Skip to Main Content

MFA Photography & Integrated Media

A guide to research and thesis writing for Lesley Art + Design students in the MFA Photography & Integrated Media program.


Browse through the thesis descriptions below, or use Ctrl+F / command+F to search for specific keywords.

If you find a thesis you want to read, click this link to the Online Thesis Folder and browse by year and then name.  

To submit your own thesis, go here and click sign-up! You'll get reports telling you often it's downloaded, and from where around the world!

Latest Theses- 2023

Adam Finkelston NOW YOU SEE ME – 2023

Now You See Me, is an ongoing series of photography-based linocut self-portraits. The title alludes to 
the familiar ending of the axiom, “now you don’t”— implying that while you see me… my body, my 
experiences, and perspectives on my life, there are many parts of my existence that you don’t see in these 
images. The storytelling aspect of my images illustrates only moments and pieces of my truth. The images are 
about me, but they are also about a character I play. The character represents a man who inhabits constructed 
spaces acting out the dramas and moments of reflection in everyday life. In this thesis, I intend to make a 
connection between the indexicality of photography and the gestural aspects of printmaking. These two ways 
of making images – photography and printmaking – are emblematic of the balance between reality and fiction 
in my work. My prints seek to show visualizations of my own thoughts and feelings. By starting with a 
photograph, I can capture my poses and surroundings in a realistic way, but by departing from the photograph 
into drawing and printmaking, I can add or subtract from the original photograph, incorporating details and 
quasi-surrealist imagery to enhance the impact of the images. Editing out personal details allows for clarity 
and a deeper connection to the universal, harnessing the totality of human experience. The gestural 
expectations and nature of drawing and printmaking add a fictional element to the reality of the photograph.
A drawing is always necessarily removed from whatever it represents. Even in a direct observational drawing,
the artist is a filter between reality and its interpretation. In these prints I am rooted in photographic reality 
but adding my own interpretations and reveries through the addition of drawing and printmaking


Harrison Irving Loomis  – American Moments – 2023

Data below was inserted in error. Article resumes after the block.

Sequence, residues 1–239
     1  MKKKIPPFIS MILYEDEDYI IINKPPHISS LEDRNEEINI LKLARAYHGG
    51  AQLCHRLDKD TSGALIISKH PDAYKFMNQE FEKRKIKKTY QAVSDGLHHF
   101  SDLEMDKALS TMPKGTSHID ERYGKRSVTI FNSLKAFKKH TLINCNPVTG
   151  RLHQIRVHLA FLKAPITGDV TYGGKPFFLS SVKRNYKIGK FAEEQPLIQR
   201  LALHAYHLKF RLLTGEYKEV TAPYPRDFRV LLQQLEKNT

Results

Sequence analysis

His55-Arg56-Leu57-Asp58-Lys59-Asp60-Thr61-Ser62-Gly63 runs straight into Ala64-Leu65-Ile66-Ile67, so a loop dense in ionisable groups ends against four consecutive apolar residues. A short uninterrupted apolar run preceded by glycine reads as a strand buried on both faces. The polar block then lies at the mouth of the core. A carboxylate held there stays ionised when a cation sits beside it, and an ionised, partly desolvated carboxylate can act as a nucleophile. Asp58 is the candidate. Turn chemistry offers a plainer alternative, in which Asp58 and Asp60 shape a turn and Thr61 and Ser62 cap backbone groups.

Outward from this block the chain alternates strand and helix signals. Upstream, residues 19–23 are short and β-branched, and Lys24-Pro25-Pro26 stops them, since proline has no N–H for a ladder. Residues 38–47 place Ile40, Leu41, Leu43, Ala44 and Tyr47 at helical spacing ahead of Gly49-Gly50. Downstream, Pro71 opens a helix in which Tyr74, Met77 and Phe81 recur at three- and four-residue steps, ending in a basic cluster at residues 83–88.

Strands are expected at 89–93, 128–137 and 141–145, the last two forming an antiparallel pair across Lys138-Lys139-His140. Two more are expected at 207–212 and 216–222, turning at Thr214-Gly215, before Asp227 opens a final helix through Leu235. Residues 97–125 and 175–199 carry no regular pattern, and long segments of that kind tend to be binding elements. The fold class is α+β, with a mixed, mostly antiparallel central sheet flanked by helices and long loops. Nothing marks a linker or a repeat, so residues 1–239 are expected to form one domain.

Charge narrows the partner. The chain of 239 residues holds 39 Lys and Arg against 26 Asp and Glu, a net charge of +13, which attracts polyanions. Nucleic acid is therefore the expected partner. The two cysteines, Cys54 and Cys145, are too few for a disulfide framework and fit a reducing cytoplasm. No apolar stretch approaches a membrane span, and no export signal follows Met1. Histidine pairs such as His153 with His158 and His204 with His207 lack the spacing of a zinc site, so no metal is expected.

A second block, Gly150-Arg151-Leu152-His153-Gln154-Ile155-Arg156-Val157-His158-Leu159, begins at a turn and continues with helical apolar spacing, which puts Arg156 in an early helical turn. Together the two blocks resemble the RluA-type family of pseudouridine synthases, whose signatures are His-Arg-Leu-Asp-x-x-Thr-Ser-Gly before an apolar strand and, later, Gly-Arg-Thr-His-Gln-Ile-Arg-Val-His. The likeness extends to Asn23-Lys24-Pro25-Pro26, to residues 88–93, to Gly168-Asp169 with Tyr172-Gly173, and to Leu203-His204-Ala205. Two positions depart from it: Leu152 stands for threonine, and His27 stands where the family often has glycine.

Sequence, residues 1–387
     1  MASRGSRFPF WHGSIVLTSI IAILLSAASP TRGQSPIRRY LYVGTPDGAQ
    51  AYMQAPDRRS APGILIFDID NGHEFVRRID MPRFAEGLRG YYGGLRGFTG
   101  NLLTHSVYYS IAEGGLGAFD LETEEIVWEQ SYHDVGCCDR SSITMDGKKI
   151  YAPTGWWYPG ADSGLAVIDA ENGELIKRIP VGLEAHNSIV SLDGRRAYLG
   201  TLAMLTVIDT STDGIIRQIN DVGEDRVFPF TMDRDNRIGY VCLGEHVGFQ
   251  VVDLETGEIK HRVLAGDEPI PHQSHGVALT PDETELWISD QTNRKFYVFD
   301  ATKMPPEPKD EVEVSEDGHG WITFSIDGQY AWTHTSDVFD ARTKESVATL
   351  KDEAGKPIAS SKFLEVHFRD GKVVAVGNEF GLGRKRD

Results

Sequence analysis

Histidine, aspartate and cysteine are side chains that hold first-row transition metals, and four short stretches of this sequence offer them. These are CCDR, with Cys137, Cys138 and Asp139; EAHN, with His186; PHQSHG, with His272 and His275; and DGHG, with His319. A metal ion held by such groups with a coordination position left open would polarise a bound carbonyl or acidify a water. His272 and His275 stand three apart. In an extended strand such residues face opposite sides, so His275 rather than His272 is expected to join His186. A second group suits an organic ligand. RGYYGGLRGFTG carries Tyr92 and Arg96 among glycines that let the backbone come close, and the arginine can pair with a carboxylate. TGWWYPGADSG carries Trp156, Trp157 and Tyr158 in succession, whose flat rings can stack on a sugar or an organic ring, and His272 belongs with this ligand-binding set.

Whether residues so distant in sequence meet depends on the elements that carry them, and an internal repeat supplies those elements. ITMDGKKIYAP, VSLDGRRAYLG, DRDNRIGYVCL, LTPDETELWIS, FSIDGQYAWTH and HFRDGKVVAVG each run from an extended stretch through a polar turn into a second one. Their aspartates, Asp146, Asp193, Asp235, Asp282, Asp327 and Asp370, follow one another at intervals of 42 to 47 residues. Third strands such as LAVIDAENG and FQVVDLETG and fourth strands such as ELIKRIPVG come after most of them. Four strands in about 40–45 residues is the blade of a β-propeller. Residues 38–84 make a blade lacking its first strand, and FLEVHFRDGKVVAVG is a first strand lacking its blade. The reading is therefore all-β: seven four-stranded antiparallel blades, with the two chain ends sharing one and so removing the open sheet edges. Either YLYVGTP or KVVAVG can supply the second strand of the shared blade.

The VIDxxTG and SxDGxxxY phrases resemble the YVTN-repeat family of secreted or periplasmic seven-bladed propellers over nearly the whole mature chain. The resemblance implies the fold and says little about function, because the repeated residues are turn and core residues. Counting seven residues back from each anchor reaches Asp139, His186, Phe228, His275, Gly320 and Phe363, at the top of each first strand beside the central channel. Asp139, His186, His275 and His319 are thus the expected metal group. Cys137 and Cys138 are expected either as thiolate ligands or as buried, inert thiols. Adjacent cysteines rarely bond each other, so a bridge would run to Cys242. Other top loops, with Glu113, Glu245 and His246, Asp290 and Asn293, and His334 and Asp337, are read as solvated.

I see the spectacle of society. Brady’s photographs of civil war battlefields haunt my mind as I 
walk across the grounds of an American fort in Maryland, where history is performed by reenactors as though trapped in time.
As I photographed tourists performing for their own images at Niagara Falls, I question whether their digital keepsakes hold any value, a bad picture 
becomes a forgotten experience, but a great experience should be remembered. In Times 
Square, tourists stare at the billboards of New York advertising, thinking they’ve found the 
beating heart of a city, when the local office workers just try to avoid it. Those same office 
workers might be happy to go to a baseball game, but they’ll be focused on their laptops more 
than the game, like the suits I found in box seats at Comerica Park. The structures of most 
stadiums organize people like a mini city, each person in their place, at levels determined by 
class. While everyone is free to walk Boston Common, only the privileged will get to look out on 
it without stepping outside, divided by apartment walls and glass windows. Yet everyone comes 
together to enjoy the fireworks show on New Year’s Eve, the dazzling lights and concussive 
blasts remind them they’ve been alive for another year and ask what they’ll do in the next. My 
photographs claim that it doesn’t really matter, the spectacle will still be there, in different 
forms, in different colors, in different American Moments. Sometimes I wish I could just enjoy 
the show...


Jessica Bonifas Filmmaking is a River: My Journey Towards the Camera – 2023

I use filmmaking as a tool to alleviate suffering. During difficult times in my life I turned to the 
camera as I am able to express myself freely without explanations or words. The camera acts as 
a bridge between myself and others, allowing people to cross into the mind of the filmmaker. 
I’ve titled my most recent film, Fulaing is a Gaelic word meaning to suffer. I use the Gaelic 
language as a homage to my Irish heritage and for the preservation of the language itself. This 
short experimental film was shot on Super 8 analog film and projected in the gallery. I use fulaing 
to describe how I feel sometimes as a mother, filmmaker, and human struggling to survive in the